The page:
Saturday, June 11, 2011

COOL STUFF FROM LIBRARY BOOKS, Entry #7: "The Thrill Of It All!"

If you love old B-westerns like I do, I sincerely hope your public library is like mine and has a copy of this old book:

"The Thrill Of It All!"
by Alan G. Barbour

[subtitled "A Pictorial History of the B-Western from the Great Train Robbery and Other Silent Classics to the Color Films of the Genre's Last Days of Glory in the 50's"]

200 pages, Collier Books, New York, first edition, 1971.


Although I didn't actually live through the original era of the American B-Western [generally gauged as running from the early 1920s thru the mid-'50s], I still have fond, fond memories of enjoying the exciting '40s and '50s "horse operas" every Saturday morning at my Aunt Hope's house in Patagonia, AZ circa 1975-78.  A Phoenix station called KPHO [the legendary channel 5!] would play about 3 of these movies, back to back, and I would sit spellbound...  great times spent with Hoppy and Mesquite, Buck Jones, Johnny Mack Brown and Lash LaRue [just to name a precious few!]

Looking back, I think that I connected with these movies not only because of their endearing simplicity, their marvelous western scenery [Lone Pine, CA!], and their vigorous, sometimes truly remakable stunt-work, but also because of their rollicking and jolly attitude: their blissful and downright libertarian world-view.  In the world of these "shoot-em-ups" [as my Dad always labeled them] the chief villian was always some kind of a collectivist control-freak-- drawing our free-wheeling hero reluctantly into action, usually in defense of a small business concern of some kind.  [And did that rancher, store-keeper, or newspaper editor always seem to have a pretty and conveniently motherless daughter to serve as innocent and pure eye-candy?  A beautiful silk-bloused cow-lass who would never be kissed but only hugged cautiously?? Yup... almost always... lol]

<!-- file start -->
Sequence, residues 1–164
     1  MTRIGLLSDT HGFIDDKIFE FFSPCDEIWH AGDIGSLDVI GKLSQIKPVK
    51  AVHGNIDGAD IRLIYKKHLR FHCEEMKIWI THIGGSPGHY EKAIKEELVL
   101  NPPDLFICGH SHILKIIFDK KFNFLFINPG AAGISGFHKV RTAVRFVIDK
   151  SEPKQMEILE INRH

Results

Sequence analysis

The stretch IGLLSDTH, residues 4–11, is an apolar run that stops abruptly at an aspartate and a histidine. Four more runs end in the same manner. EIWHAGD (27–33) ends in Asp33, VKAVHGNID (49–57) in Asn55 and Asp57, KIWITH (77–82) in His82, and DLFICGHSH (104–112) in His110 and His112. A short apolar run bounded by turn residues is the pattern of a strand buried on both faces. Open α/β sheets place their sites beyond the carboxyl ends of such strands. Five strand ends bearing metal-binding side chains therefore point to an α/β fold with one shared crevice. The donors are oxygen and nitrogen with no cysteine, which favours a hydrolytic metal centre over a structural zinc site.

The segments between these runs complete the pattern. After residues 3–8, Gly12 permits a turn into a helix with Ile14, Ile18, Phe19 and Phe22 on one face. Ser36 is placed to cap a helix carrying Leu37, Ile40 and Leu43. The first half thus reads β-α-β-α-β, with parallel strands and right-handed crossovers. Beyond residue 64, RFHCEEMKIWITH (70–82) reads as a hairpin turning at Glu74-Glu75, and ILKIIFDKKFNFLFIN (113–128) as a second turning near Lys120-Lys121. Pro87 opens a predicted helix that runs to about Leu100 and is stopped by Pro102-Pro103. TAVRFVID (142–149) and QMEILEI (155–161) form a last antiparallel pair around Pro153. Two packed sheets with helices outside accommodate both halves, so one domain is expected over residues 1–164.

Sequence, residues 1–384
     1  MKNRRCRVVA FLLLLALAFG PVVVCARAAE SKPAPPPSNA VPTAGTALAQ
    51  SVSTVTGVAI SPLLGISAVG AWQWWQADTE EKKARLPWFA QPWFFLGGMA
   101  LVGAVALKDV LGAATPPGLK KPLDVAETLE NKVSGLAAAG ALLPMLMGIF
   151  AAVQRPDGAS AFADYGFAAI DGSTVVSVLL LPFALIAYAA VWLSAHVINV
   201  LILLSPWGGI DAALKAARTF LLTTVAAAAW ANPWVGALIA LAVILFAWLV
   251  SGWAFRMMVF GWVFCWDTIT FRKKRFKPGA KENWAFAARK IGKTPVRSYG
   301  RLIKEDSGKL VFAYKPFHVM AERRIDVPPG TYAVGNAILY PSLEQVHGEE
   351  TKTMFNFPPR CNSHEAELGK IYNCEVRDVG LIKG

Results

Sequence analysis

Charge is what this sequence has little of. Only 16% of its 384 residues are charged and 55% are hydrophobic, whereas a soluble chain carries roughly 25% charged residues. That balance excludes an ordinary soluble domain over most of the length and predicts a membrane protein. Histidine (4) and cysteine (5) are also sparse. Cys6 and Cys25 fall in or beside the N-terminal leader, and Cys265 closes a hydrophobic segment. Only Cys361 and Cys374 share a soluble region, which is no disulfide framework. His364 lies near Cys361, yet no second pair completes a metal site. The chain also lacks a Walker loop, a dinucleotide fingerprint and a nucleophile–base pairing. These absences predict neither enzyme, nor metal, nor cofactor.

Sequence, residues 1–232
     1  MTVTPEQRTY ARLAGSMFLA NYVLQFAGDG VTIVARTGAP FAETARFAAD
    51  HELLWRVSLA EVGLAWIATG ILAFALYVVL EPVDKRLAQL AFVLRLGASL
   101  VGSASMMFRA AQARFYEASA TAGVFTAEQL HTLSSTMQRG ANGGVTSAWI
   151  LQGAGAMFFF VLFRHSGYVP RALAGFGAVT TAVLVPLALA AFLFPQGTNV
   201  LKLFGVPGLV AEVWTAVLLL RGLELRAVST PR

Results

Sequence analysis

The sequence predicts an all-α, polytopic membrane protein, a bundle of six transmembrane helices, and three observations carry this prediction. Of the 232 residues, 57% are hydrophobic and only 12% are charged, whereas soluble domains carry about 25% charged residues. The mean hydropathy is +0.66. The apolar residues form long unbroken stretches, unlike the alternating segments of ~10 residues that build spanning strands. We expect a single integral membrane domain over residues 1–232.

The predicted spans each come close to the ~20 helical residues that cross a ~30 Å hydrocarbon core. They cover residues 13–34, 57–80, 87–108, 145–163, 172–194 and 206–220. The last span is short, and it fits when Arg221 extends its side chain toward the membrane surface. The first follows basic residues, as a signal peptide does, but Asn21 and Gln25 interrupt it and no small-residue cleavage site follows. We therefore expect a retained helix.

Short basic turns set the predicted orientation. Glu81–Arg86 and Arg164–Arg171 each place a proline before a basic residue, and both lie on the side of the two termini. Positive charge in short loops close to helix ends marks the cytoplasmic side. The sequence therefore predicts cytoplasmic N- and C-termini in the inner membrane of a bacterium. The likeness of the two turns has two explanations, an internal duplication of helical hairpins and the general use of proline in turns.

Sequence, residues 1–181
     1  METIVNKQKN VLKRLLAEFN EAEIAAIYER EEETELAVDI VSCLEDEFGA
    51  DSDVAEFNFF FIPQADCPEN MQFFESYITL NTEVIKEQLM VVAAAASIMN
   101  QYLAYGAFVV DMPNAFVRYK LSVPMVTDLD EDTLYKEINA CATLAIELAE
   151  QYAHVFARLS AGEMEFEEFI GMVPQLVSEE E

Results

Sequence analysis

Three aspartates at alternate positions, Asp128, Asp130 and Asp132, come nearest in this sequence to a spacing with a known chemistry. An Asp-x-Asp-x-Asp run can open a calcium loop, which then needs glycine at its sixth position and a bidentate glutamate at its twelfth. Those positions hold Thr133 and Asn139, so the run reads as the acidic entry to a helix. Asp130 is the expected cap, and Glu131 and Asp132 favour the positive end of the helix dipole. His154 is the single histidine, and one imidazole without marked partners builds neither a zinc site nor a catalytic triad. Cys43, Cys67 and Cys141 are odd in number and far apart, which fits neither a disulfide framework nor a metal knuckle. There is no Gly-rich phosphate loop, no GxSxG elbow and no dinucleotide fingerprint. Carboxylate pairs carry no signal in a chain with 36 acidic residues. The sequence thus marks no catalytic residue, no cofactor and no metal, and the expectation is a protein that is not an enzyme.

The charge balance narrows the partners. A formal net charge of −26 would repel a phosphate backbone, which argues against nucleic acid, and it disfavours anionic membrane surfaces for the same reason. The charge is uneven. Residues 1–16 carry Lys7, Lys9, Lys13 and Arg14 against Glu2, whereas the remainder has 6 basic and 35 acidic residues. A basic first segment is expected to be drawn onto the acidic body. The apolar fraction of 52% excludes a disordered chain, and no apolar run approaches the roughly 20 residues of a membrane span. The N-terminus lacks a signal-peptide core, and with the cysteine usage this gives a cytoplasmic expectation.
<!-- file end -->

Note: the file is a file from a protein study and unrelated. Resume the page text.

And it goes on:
Only years later would I question the strange set-up of this bizzarre-- yet pleasing-- alternate universe... and by then I could fully enjoy-- as fully as few other 21 year olds could have-- the devastatingly perfect satire of the 1985 classic film RUSTLER'S RHAPSODY! [Favorite line: "Boss... I'm tired of gettin' shot in the hand!"... lol ]  For the pre-adolescent time at hand, however, I was hooked.

Yessir, the B-western will always be a part of me... for better or worse.

Well... One day, while "sleuthing through the stacks" at The Sierra Vista Public Library, I discovered this invaluable tome, still considered the the most comprehensive single book on the subject.  Within minutes I was lost in it's 200 amazing photo-filled pages...  expertly captioned with fun information about every  memorable cinematic "White Hat" player [and a bunch of the "Black Hats," too!] 

For anyone who has ANY recollections of these movies, this book is no less than a joyous treasure trove! Surely and sadly out of print now, it can still be found at public libraries like mine [God love them!] or from many electronic book sellers. I have seen copies on line for as little as 5 bucks! 

The book itself is made up almost entirely of photos-- both publicity stills and classic movie posters like the one above.... but what a photo document they make!  Really, there is only about two pages of well written and informative text per "chapter," so this stands as a truly archival photo history of a unique and un-justly neglected part of American entertainment history.

If it isn't everything you need to see and read about the American B-western, then God help you, partner-- you're as much of a fanatic as Albie The Good is! :)

In any case, if i just described you, dig up a copy pronto!  You will NOT be sorry.

No comments: